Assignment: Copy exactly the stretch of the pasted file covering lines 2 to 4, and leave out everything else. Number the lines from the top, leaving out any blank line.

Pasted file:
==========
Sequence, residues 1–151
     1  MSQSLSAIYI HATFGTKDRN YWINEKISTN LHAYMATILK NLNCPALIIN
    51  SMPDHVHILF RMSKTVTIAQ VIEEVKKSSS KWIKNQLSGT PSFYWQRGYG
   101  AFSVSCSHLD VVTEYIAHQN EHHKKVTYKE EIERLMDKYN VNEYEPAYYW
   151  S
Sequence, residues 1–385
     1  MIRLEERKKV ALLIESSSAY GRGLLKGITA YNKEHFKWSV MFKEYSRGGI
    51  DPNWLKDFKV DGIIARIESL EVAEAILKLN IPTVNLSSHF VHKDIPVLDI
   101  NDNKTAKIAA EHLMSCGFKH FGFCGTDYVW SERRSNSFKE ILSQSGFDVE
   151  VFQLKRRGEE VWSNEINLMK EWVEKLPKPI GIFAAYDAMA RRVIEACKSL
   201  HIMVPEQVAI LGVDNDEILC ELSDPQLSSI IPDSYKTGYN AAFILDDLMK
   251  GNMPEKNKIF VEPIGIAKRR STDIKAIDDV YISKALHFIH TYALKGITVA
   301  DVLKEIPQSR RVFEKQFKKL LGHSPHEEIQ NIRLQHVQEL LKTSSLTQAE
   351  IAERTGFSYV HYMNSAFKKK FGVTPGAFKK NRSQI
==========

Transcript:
     1  MSQSLSAIYI HATFGTKDRN YWINEKISTN LHAYMATILK NLNCPALIIN
    51  SMPDHVHILF RMSKTVTIAQ VIEEVKKSSS KWIKNQLSGT PSFYWQRGYG
   101  AFSVSCSHLD VVTEYIAHQN EHHKKVTYKE EIERLMDKYN VNEYEPAYYW